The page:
The basement conversation, in fact, started back in 2019 when I invited Liv Schulman to participate in the exhibition The knife without a blade that lacks a handle at CRAC Alsace. She exhibited A Somatic Play, which, continuing her body of work titled Goubernement, presented six stateless border agents interpreted by a single actress who performed the border through a series of questions, behaviors, and control techniques. A few months later, in spring 2020, governments kept us at home to face an uncontrollable coronavirus epidemic which jumped from one body to the next. Suspended free circulation, closed European borders, and a shriveling vital space. In France, this meant forbidding venturing beyond a one-kilometer radius and a one-hour duration. An experiment in self-coercion. Border agents without costumes but documents and forms.
Once the floodgates reopened, we (the art center’s team) invited Liv Schulman to spend time in Altkirch**** and explore this new transborder fate enveloping our daily lives. She wrote a script for a fictional film featuring a group of border agents in a Europe where the European Union no longer exists, where there are only seven countries—tax havens, principalities, or nation-states with opaque tax systems. She imagined two parallel filming systems resulting in two sets of images. She first organized a ten-day road trip during which she filmed mobile border patrols, mainly interpreted by agents Richard Neyroud and Guilhem Monceaux, who travel and discourse across Luxembourg, Switzerland, Liechtenstein, San Marino, Monaco, and Andorra. In parallel, Schulman worked with nine actresses living in these countries. The women filmed themselves interpreting an array of border agents each named after the country they represent. Andorra, Monaco, San Marino, Suisse, Liechtenstein, Lëtzebuerg, Guernsey speak about banking secrecy, tax schemes, flows, money, signifiers that they embody, objects and desires that enter a given territory but cannot exit. They narrate the invention of capitalism, speculation, colonization, the coffee monopoly, and the invention of taxes.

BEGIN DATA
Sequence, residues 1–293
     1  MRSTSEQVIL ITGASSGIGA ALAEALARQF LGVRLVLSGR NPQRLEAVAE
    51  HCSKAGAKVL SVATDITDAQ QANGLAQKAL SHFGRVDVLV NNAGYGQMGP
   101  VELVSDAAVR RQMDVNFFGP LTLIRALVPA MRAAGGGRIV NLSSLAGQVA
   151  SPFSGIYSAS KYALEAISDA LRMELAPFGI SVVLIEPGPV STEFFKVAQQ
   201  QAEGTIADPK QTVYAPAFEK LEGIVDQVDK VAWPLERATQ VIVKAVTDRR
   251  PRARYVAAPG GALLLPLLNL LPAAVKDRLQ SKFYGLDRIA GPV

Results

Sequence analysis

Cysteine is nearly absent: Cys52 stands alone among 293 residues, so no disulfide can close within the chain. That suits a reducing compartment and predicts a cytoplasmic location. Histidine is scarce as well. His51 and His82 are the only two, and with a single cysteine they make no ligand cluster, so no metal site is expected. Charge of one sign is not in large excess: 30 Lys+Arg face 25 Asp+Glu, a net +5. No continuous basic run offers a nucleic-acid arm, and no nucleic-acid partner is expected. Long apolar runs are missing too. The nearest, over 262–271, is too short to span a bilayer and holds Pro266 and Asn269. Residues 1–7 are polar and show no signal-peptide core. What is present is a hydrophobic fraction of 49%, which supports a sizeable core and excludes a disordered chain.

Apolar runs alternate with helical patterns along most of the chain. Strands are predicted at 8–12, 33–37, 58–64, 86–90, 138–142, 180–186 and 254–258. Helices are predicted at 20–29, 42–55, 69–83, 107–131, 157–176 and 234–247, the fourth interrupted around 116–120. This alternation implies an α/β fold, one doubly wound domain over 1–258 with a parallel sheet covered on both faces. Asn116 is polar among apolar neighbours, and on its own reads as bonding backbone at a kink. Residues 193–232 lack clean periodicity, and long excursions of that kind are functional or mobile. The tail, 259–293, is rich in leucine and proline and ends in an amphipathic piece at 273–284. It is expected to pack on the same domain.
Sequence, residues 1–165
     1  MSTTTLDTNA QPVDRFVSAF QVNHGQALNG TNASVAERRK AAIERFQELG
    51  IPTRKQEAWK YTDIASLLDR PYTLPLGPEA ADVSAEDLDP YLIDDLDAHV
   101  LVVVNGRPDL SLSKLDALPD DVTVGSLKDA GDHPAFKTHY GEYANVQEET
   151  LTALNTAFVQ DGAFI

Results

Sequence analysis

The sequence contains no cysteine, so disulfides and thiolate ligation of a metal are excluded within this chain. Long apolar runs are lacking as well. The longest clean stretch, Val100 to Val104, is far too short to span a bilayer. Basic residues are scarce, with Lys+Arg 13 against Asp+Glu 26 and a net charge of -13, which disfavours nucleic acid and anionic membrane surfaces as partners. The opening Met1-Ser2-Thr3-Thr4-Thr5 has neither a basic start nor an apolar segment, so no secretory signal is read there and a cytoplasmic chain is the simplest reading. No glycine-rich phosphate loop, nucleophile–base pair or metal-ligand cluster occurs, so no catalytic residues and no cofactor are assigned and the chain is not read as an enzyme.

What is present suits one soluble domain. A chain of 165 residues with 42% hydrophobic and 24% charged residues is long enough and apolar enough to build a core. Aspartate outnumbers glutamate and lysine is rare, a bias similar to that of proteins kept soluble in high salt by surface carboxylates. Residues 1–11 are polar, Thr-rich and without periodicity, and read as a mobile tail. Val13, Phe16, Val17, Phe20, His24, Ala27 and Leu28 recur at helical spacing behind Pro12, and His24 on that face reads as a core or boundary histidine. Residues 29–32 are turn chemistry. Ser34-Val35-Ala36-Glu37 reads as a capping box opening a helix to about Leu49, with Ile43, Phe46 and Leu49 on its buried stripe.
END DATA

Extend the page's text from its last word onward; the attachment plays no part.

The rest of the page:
Richard, Guilhem, and the film crew’s trip through the flipside of the European Union constitutes the film’s shot, while the reverse shot is made of the self-filmed images remote-directed by Liv Schulman. During the film’s editing, shot and reverse shot are stitched together and put in dialogue. They don’t converse as in a linear film, where sequences are edited one after the other, but are in dialogue within the art center’s fragmented space-time. Each gallery corresponds to a country. We progress through the film by following the protagonists as they migrate from one screen to another, from one gallery to the next. The action begins with San Marino, on the upper floor to the right, and continues in the adjacent gallery, Monaco and Guernsey, then San Marino, Luxembourg. It picks up again on the lower floor to the right, in Switzerland, then Andorra to the left, concluding with Liechtenstein in the auditorium. The film’s dramaturgy composes the exhibition’s own dramaturgy. To watch the film is to visit it, to find direction in space.
Add to this the fact that Richard Neyroud and Guilhem Monceaux from the film are also Richard Neyroud and Guilhem Monceaux in real life, both curators for whom Liv Schulman specifically wrote the roles. Add to this the fact that Richard is Head of Education at CRAC Alsace and that his body and his voice, jumping from one screen to the next, might suddenly appear in the exhibition space. Add to this the fact that Guilhem Monceaux also acts in Les Radins by Pauline Ghersi (Eurropa’s co-producer), a film featuring stingy housemates and played on loop in an adjacent gallery. That these bodies, body-nations, body-borders, body-flow, body-artist, body-code, body-representation, body-feeling, body-language, body-archive, are all interlaced in Eurropa.
—Elfi Turpin, February 2021.
Liv Schulman received the support of the DAAD Arts and Media program with the participation of the Federal Foreign Office in Germany.
* Sara Ahmed, Queer Phenomenology: Orientations, Objects, Others (Durham: Duke University Press, 2006).
** The Body Without Organs is a term borrowed from the poet Antonin Artaud by the theorists Gilles Deleuze and Félix Guattari, in Anti-Oedipus (New York: Viking Penguin, 1977) and A Thousand Plateaus, Capitalism and Schizophrenia (Minneapolis: University of Minnesota Press, 1987).
*** «The body is now nothing more than a set of valves, locks, floodgates, bowls, or communicating vessels,” Gilles Deleuze and Félix Guattari, A Thousand Plateaus, p. 153.
**** The art center is located near the Swiss and German borders.